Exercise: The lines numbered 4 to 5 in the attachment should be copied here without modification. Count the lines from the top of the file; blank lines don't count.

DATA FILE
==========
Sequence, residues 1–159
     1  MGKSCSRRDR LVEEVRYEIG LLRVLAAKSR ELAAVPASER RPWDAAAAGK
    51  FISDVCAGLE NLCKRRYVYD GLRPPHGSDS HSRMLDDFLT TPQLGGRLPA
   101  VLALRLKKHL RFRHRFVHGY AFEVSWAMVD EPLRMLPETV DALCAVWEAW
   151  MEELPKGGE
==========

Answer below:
   101  VLALRLKKHL RFRHRFVHGY AFEVSWAMVD EPLRMLPETV DALCAVWEAW
   151  MEELPKGGE